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Sixth Circuit Court Rules That Paramedics Who Incorrectly Pronounced Woman Dead Are Entitled to Qualified Immunity

In April 2020, Timesha Beauchamp’s mother called 911 when she found Timesha unresponsive in her room. Emergency personnel attempted CPR and ventilation but ultimately pronounced the 20 year old woman dead, half an hour later. However, Beauchamp’s family told paramedics they thought she was still alive. Some medical indicators, including a monitor showing cardiac activity, suggested that Beauchamp was still alive. The paramedics did not change their conclusion even after police officers told them that family members saw Beauchamp gasp for air.  

After Beauchamp arrived at the funeral home, the embalmer found that the woman was gasping for air with her eyes open. Beauchamp was taken to the hospital, where doctors determined she was still alive. However, her brain was too injured from lack of oxygen. Beauchamp remained on a ventilator in a vegetative state until her death six weeks later. The fire chief claims that Beauchamp may have experienced Lazarus syndrome, in which a person returns to life after receiving CPR.  

Beauchamp’s family sued the City of Southfield, Michigan and the individual emergency medical workers for violating Beauchamp’s constitutional rights. Beauchamp’s estate alleged that her Fourteenth Amendment substantive due process rights had been violated as the City had been “deliberately indifferent to her serious medical need.” The estate argued that the first responders’ treatment of Beauchamp amount to a “state-created danger” that resulted in “a private act of violence” against Beauchamp.  

A 6th Circuit appeals panel in Cincinnati ruled against the estate. The panel ruled 3-0, in an opinion written by Judge Julia Smith Gibbons, ruled that the City was not liable for any constitutional violation and the paramedics were entitled to qualified immunity. The panel determined that Beauchamp’s estate had failed to prove that the paramedics exposed Beauchamp to a “private act of violence” or that the City had provided inadequate training to paramedics. As to the paramedics, they had not prohibited any other private party from rendering aid, and had only (incorrectly) pronounced Beauchamp dead.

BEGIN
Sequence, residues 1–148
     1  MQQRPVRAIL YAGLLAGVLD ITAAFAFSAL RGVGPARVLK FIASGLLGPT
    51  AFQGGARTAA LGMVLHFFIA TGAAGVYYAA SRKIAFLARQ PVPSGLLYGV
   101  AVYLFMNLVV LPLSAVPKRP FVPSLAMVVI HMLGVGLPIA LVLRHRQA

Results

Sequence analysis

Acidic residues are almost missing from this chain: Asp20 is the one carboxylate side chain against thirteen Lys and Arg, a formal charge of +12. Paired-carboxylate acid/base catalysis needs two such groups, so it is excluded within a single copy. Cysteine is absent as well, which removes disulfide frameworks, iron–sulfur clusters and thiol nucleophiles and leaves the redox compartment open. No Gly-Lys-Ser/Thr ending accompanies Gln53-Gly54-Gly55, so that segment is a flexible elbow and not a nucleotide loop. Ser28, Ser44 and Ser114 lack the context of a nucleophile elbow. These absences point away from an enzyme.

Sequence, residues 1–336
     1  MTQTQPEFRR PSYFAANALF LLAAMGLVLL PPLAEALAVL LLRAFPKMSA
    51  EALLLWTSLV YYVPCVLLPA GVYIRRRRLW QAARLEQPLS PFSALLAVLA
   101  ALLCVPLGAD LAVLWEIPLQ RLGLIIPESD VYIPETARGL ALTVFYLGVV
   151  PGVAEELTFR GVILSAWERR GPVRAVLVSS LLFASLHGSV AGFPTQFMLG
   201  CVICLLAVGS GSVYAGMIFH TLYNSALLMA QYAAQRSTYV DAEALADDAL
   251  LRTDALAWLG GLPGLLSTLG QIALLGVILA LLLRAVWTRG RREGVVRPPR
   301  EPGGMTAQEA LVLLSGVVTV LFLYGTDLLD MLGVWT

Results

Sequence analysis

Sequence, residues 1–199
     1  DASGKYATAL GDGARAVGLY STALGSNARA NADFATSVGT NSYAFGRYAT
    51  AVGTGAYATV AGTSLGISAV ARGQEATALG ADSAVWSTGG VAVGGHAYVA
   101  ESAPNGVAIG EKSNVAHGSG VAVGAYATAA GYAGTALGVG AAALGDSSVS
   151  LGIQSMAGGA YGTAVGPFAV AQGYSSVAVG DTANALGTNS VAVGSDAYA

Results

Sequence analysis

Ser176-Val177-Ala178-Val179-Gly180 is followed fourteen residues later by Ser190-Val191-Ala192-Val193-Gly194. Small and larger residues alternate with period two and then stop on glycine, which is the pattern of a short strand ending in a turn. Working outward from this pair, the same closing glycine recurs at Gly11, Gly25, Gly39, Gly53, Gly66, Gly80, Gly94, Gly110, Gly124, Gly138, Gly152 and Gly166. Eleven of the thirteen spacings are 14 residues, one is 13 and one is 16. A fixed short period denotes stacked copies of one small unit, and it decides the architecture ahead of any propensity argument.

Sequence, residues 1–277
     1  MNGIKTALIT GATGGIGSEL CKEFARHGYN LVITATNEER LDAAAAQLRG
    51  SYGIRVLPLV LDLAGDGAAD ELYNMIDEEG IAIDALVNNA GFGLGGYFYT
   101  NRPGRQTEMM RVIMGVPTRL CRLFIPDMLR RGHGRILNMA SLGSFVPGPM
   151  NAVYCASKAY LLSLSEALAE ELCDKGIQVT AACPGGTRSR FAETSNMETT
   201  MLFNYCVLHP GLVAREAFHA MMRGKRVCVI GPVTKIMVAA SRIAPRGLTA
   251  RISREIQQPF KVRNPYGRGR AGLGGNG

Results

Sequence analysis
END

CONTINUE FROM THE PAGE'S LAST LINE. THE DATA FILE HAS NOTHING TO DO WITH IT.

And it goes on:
Paramedics Treating Someone in the StreetWhy Does Qualified Immunity Exist?

Qualified immunity is the doctrine that government agents are shielded from liability for damages resulting from their actions as long as those actions do not violate established law or constitutional rights. Qualified immunity has become controversial in recent years; qualified immunity has shielded police officers from lawsuits regarding wrongful death suits.  

Government officials are often personally immune from authorized acts they take while in and during office. Senators cannot be sued for what they say during a congressional debate and judges cannot be sued for ruling a certain way in a case. This immunity stems from two rationales: 1. To keep duplicative wasteful lawsuits from being filed against every individual government actor and 2. There is often another process to reverse a government policy. The proper response to a Senator’s poor conduct is for his or her constituents to vote in a different Senator. The proper response to a judge’s poor decision is to file an appeal.  

However, individual government bureaucrat employees like police officers or paramedics cannot be voted out nor can their decisions be appealed. They can be fired, but public unions have kept even the worst actors from termination. Not surprisingly, public pressure is mounting to hold government actors accountable even though the Supreme Court extended qualified immunity to them years ago.  

Beauchamp’s family is only the latest claimant in a long line of Americans who have been harmed by government employees. Faith in government has eroded to all time low. Restoring even a degree of accountability would go a long way towards reversing the lack of faith.  

Do I Need to Hire a Lawyer for Help with a Wrongful Death Claim?

If a loved one has died because of someone else’s negligence or wrongdoing, you should contact a skilled personal injury attorney. They will be able to determine whether you have a valid claim, what the laws of your state are that pertain to the action, and can represent you in court. 


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